You can find links to all of the service assessments we’ve carried out on our HackIT site. Written by Liz Harrison and Soraya Clarke

How can we make open data work for our users?

For a long time, there’s been an established view that publishing more open data should encourage the proliferation of new applications and services across the public and private sector based on the availability of common datasets across local authority boundaries. 

Historically in Hackney, we’ve only ever dipped our toes in the world of open data and to be honest, we don’t know whether there’s enough evidence to prove that simply publishing as much as possible will realise these benefits – we just don’t know enough about the user need to justify a big bang open data offering.

That being said, we’ve been inspired by the ODI, Nesta and others who are keen to encourage greater transparency and common standards in data publication and we have reviewed some of the good practice of other local authorities who’ve experimented with open data portals in recent years. But our HackIT manifesto tells us to think big and act small – we don’t want to dive into the deep end of an expensive open data portal for publishing every non-personal data set we can find. Instead, we want to understand the kind of data users want to see, and work out the most simple and cost effective way of providing that data in a useful way.

Currently, we don’t proactively publish the data that is most commonly requested via Freedom of Information (FOI) requests, which results in a significant burden of resource spent re-actively responding to FOI requests. In his 2018 manifesto, the Mayor Glanville committed us to more transparency and this has helped shape a set of basic principles to help us experiment with user focused open data publication. We’re keen to open ourselves up to some challenge on this and share what we learn as we experiment:

  • Focus on releasing data commonly requested via FOI – We believe that concentrating our open data offering on the most frequently requested topics will release significant amounts of officer time and provide a better service for residents. Therefore, we will focus on these opportunity areas first.
  • Use common standards wherever possible – to be valuable for developers and organisations, we need to publish our data in a format that is easy to join across local authority areas. Where a standard doesn’t exist, we will try to match other Councils who are already publishing this data to maximise reusability. We will openly publicise our data structures to encourage reuse by other local authorities.
  • Automated with a focus on currency of data – to be of maximum value in reducing the FOI burden we face, the data included in our open data products should be as current as possible. To ensure we aren’t just moving the resource problem from FOI administration to open data publication, data updates should be automated and require a minimum amount of officer time to publish.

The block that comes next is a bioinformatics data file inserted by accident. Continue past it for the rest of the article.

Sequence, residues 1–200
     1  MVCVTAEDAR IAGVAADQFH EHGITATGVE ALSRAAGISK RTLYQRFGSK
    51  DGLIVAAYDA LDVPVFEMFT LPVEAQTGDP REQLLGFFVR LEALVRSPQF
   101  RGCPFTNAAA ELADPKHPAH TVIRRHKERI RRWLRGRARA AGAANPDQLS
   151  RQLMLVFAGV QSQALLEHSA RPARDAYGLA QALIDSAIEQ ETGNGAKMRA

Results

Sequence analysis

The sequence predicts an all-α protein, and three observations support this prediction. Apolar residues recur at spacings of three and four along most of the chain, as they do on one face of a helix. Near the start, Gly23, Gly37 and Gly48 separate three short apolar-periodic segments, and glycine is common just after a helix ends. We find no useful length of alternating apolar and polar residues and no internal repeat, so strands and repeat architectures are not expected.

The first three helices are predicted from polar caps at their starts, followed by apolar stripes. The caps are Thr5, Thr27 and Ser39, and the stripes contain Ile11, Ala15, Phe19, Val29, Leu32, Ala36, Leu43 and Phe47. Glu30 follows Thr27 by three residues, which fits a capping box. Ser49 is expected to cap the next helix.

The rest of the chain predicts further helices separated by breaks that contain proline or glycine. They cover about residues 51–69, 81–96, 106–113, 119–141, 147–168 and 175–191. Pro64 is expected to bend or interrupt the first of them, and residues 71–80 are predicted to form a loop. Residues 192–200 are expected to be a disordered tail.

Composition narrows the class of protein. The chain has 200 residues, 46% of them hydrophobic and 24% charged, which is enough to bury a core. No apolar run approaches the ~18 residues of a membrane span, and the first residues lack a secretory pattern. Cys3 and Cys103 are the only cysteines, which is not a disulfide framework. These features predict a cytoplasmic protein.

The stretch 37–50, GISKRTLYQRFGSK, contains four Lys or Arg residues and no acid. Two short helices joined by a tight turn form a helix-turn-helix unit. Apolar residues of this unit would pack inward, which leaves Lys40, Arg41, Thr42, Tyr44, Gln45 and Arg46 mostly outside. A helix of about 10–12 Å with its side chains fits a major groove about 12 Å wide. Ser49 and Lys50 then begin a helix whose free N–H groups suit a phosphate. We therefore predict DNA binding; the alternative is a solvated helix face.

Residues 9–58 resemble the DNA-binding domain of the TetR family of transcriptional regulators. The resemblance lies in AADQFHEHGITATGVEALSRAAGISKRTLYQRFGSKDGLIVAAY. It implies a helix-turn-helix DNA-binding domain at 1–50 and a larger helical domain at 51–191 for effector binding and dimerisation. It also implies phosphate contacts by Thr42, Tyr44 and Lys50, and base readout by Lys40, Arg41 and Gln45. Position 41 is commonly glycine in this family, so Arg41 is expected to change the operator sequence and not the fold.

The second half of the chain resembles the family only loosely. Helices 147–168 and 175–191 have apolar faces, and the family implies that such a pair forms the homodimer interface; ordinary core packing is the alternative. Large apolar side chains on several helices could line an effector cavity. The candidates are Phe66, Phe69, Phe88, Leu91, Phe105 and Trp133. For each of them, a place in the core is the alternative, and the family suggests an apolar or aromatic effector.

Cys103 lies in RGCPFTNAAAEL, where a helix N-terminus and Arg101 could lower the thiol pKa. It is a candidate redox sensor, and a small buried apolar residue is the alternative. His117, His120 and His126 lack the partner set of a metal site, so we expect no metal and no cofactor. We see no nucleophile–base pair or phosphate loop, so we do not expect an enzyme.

• Adopt a flexible approach to the technology we use to publish our data – we don’t believe in being constrained by an online data portal for publishing open data. We will aim to use the best modern technology and data analytics techniques depending on the data involved to provide a data dashboard, visualisation and full download of the dataset. We are motivated by providing a great user experience that’s easily discoverable first and foremost.
  • Aim to meet GDS design standards – all of our products will be designed in line with modern, accessible design standards and we will always test our products with our users.
  • Understand our impact – we will always begin by understanding the baseline volume of FOI requests for the data set in question and monitor over time, the impact of publishing the dataset. We expect to see more exemptions (where an FOI is refused under the grounds that the data is already published) and over time, fewer FOI requests overall. If the data set isn’t reducing FOI demand, we will look for other areas where we can add more value by publishing new data.

Our first experiment is with Penalty Charge Notice (PCN) data (that’s parking tickets to you and me…) – it’s one of the most commonly requested datasets and we think publishing this openly will help residents answer their questions in a more timely way and reduce the time we spend responding to FOIs on the topic. We’re experimenting with providing a simple  app on the parking pages on our website, which will allow users to extract the type of information from the data that is often asked for in FOI requests. Our great User Research team are helping to keep us focused on delivering something simple and intuitive for residents. We’ll also be trialing a light touch open data portal which will allow us to curate our open data sets in one place on the website. We’ll share more as we develop our MVP over the coming weeks. 

Verification Hub: Weeknotes 03/07/19

Last week, with lots of pushing from Tom (plus some 5:30am testing) and a hefty amount of support from Phil, Rasit and Lindsay, Farthest Gate deployed the Verification Hub in the live Liberator environment. Tom’s testing proved it hadn’t caused any problems with the permit application process itself but for now VH remains switched off…essentially this means Farthest Gate are lined up to flip the switch to on, just as soon as we iron out some new problems…